USD852092S1 (en) * 2017-10-12 2019-06-25 Wing Aviation Llc Unmanned aerial vehicle
EP3700813A1 (en) * 2017-10-27 2020-09-02 Elroy Air, Inc. Compound multi-copter aircraft
USD858352S1 (en) * 2017-10-30 2019-09-03 Shenzhen Valuelink E-Commerce Co., Ltd. Drone
US10723433B2 (en) 2017-11-27 2020-07-28 Wing Aviation Llc Assembly systems and methods for unmanned aerial vehicles
CN109311536A (en) * 2017-12-04 2019-02-05 深圳市大疆创新科技有限公司 Power device, unmanned vehicle and flight control method
US20190329883A1 (en) 2018-04-27 2019-10-31 X Development Llc Counter-rotating propellers for aerial vehicle
WO2019211875A1 (en) * 2018-05-04 2019-11-07 Anthony Alvin Hybrid vertical takeoff and landing (vtol) aircraft with vehicle assist
US10775784B2 (en) * 2018-06-14 2020-09-15 Wing Aviation Llc Unmanned aerial vehicle with decentralized control system
US20200079501A1 (en) * 2018-09-11 2020-03-12 Embraer S.A. Vertical take-off and landing (vtol) aircraft with cruise rotor positioning control for minimum drag
FR3086641B1 (en) 2018-09-28 2020-09-04 Airbus Helicopters ELECTRIC OR HYBRID MOTORIZED MULTIROTOR AIRCRAFT WITH OPTIMIZED ENERGY CONSUMPTION
US10640212B1 (en) * 2018-11-18 2020-05-05 Faruk Dizdarevic Double wing aircraft
US10787255B2 (en) 2018-11-30 2020-09-29 Sky Canoe Inc. Aerial vehicle with enhanced pitch control and interchangeable components

Family Cites Families (29)

* Cited by examiner, † Cited by third party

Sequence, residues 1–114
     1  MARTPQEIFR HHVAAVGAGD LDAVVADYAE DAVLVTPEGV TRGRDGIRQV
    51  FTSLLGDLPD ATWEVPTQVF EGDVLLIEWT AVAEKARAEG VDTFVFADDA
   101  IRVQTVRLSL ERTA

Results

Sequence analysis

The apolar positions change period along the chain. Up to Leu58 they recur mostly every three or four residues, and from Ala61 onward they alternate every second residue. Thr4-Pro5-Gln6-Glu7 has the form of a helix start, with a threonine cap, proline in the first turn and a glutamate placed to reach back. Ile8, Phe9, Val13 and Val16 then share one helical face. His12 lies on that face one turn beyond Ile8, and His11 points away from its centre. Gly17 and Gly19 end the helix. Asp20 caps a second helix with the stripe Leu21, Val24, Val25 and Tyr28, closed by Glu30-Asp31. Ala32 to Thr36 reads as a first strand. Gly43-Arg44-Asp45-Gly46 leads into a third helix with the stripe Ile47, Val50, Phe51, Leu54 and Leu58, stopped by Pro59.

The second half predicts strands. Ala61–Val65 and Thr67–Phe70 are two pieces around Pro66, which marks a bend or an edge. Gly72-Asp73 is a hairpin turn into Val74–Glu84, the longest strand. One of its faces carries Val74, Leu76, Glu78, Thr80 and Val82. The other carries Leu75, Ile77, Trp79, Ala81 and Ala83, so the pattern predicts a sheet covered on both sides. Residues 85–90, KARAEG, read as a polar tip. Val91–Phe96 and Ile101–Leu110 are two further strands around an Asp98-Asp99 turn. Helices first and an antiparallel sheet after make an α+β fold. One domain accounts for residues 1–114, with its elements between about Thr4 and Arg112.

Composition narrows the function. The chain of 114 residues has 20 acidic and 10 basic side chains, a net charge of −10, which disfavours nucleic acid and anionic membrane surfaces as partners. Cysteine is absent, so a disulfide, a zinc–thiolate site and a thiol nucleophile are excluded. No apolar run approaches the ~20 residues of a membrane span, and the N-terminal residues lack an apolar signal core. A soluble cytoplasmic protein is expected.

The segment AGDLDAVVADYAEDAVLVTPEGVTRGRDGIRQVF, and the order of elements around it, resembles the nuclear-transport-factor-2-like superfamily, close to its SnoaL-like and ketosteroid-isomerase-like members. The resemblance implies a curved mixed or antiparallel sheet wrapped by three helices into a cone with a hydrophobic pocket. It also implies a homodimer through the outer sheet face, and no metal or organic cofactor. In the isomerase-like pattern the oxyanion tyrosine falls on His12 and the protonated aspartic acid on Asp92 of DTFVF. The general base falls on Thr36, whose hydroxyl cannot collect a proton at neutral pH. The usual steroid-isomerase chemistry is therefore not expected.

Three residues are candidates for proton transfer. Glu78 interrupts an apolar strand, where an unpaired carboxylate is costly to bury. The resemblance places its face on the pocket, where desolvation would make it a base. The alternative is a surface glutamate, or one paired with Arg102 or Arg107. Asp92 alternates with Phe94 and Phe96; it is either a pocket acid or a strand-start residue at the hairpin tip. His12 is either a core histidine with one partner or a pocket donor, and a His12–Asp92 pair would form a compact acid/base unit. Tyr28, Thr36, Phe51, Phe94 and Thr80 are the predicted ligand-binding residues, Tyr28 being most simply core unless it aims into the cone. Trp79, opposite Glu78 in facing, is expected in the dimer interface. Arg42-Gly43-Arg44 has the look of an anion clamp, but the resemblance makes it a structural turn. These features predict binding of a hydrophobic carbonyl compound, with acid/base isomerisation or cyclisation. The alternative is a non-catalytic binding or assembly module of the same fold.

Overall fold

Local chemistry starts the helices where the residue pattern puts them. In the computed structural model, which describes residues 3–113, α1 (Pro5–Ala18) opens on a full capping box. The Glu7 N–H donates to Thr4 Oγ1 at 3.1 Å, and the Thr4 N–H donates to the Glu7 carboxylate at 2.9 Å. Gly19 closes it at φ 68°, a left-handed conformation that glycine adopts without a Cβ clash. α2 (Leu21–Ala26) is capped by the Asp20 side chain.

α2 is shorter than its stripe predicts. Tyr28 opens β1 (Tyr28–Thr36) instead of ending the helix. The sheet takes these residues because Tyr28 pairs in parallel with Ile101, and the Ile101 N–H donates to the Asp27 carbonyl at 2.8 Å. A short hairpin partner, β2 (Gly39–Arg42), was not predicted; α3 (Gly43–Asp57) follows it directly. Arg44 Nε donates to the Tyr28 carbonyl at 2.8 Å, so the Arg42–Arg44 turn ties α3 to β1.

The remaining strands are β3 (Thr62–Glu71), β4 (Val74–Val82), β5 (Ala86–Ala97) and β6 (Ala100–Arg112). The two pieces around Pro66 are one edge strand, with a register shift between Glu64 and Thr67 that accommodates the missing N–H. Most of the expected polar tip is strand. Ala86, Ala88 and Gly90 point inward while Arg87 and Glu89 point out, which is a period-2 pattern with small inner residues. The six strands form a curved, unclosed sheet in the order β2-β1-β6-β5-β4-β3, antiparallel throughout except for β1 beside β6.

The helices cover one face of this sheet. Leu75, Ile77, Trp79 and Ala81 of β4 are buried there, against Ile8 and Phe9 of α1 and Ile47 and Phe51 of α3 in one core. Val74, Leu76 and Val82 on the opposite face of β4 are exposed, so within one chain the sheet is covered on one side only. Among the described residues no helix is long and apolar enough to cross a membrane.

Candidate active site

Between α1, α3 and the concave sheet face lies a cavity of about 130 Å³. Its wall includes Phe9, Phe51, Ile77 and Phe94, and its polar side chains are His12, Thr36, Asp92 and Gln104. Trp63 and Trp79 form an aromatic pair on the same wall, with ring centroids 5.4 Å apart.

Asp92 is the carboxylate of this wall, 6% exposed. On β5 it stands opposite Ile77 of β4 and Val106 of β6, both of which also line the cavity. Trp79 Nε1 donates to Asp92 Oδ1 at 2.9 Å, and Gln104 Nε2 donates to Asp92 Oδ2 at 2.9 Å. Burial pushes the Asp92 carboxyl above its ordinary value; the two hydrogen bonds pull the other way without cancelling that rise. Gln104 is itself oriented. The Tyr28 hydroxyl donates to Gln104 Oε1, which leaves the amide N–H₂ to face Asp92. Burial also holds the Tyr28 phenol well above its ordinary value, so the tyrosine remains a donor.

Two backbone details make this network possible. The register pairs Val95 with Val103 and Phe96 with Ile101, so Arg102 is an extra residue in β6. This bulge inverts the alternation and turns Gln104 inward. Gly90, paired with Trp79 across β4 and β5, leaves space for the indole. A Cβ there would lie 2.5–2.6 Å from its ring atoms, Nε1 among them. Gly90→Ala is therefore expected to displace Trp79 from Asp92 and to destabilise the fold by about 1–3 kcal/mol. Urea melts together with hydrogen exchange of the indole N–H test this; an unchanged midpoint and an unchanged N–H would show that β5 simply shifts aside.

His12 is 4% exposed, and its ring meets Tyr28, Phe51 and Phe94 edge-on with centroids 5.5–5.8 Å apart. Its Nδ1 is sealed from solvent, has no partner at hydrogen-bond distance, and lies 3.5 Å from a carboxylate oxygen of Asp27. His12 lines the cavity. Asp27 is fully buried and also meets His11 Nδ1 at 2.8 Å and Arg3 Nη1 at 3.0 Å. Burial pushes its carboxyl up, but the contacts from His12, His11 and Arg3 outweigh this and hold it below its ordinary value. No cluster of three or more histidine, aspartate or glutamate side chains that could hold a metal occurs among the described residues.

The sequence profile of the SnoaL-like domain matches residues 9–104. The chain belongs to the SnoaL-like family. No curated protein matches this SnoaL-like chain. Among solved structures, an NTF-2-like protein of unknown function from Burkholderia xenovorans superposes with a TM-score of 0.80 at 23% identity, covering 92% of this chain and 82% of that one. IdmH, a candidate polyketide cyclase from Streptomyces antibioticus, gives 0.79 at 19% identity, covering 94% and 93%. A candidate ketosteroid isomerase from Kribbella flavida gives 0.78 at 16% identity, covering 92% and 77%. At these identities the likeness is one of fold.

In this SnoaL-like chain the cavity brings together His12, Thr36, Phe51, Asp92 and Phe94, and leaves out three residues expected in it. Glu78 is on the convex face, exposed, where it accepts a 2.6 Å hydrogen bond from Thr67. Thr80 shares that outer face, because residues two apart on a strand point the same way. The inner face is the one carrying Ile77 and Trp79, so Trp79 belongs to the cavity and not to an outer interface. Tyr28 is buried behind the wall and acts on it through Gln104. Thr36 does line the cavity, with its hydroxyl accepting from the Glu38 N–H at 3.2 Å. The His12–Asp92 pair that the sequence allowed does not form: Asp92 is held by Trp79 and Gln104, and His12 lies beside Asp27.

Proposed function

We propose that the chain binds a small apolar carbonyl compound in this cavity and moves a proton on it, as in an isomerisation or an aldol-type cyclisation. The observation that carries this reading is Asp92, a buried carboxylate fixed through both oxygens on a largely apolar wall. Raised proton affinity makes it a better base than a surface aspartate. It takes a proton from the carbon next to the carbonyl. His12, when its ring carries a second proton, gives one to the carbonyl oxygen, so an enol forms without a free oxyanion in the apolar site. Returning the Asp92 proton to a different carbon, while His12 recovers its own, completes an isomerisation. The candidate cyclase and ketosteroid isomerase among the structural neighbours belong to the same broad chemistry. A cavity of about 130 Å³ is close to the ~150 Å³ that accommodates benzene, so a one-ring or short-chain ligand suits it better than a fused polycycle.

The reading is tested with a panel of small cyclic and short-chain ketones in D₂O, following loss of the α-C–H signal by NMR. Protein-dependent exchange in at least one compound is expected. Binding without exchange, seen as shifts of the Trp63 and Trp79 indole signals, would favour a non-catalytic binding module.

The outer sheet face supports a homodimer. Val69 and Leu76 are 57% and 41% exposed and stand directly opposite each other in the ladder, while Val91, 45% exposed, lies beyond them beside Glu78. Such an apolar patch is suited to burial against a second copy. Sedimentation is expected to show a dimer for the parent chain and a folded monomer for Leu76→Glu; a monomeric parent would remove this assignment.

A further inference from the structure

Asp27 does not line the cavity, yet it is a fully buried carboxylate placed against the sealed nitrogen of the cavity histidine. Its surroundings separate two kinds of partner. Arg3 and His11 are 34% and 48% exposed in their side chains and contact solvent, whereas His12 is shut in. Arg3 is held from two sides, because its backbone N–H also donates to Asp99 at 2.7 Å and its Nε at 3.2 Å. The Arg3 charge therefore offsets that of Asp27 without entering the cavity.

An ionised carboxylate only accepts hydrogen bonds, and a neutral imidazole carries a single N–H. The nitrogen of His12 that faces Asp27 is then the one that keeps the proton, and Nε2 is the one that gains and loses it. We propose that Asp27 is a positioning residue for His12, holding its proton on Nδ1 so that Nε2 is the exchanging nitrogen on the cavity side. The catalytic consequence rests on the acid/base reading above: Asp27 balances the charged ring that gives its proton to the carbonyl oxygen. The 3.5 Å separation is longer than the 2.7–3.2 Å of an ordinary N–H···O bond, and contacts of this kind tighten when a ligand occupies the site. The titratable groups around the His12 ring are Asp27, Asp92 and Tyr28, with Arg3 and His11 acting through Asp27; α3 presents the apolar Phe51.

Publication number Priority date Publication date Assignee Title
US1425555A (en) * 1922-08-15 Airship
US4006A (en) * 1845-04-22 Improvement in self-adjusting platens for cotton and other presses
US11003A (en) * 1854-06-06 Combination of railroad tracks and wheels
US3856238A (en) 1972-04-14 1974-12-24 F Malvestuto Aircraft transporter
JPH0382699A (en) 1989-08-28 1991-04-08 Aretsukusu Denshi Kogyo Kk Small-sized vertical take-off and landing aircraft
JPH06502364A (en) 1990-07-25 1994-03-17
JP2700734B2 (en) 1991-09-20 1998-01-21 川崎重工業株式会社 Vertical takeoff and landing aircraft
CH685692A5 (en) 1992-01-29 1995-09-15 Sky Disc Holding Sa C O Norasi Aircraft.
DE19745492B4 (en) 1997-10-15 2005-06-09 Wobben, Aloys, Dipl.-Ing. Vertical airplane
JP3368377B2 (en) * 1999-06-29 2003-01-20 六郎 細田 Aircraft
US6568630B2 (en) * 2001-08-21 2003-05-27 Urban Aeronautics Ltd. Ducted vehicles particularly useful as VTOL aircraft
US20030062443A1 (en) * 2001-10-02 2003-04-03 Joseph Wagner VTOL personal aircraft
US6561456B1 (en) 2001-12-06 2003-05-13 Michael Thomas Devine Vertical/short take-off and landing aircraft
JP4085716B2 (en) 2002-06-26 2008-05-14 トヨタ自動車株式会社 Vertical take-off and landing aircraft
US6732972B2 (en) 2002-09-13 2004-05-11 Frank S. Malvestuto, Jr. High-lift, low-drag, stall-resistant airfoil
US6969026B2 (en) * 2002-12-20 2005-11-29 Tsuneo Kayama Aircraft
JP3881982B2 (en) * 2002-12-20 2007-02-14 恒夫 香山 Airplane
US6843447B2 (en) * 2003-01-06 2005-01-18 Brian H. Morgan Vertical take-off and landing aircraft
FR2853064B1 (en) * 2003-03-28 2005-06-24 On-board flight management system for aircraft
US7159817B2 (en) * 2005-01-13 2007-01-09 Vandermey Timothy Vertical take-off and landing (VTOL) aircraft with distributed thrust and control
JP4506543B2 (en) * 2005-04-13 2010-07-21 トヨタ自動車株式会社 Vertical take-off and landing aircraft
US8636241B2 (en) * 2005-04-20 2014-01-28 Richard H. Lugg Hybrid jet/electric VTOL aircraft
CN1978277A (en) * 2005-12-09 2007-06-13 赵润生 Combined rotor aircraft
US20080054121A1 (en) 2006-05-11 2008-03-06 Urban Aeronautics Ltd. Ducted fan VTOL vehicles
US20090216392A1 (en) 2007-07-11 2009-08-27 Piasecki Aircraft Corporation Vectored thruster augmented aircraft
JP2009083798A (en) 2007-10-03 2009-04-23 Japan Aerospace Exploration Agency Control method of electric vertical takeoff and landing aircraft
US8690096B2 (en) * 2009-06-04 2014-04-08 Alberto Alvarez-Calderon F. Aircraft with dual flight regimes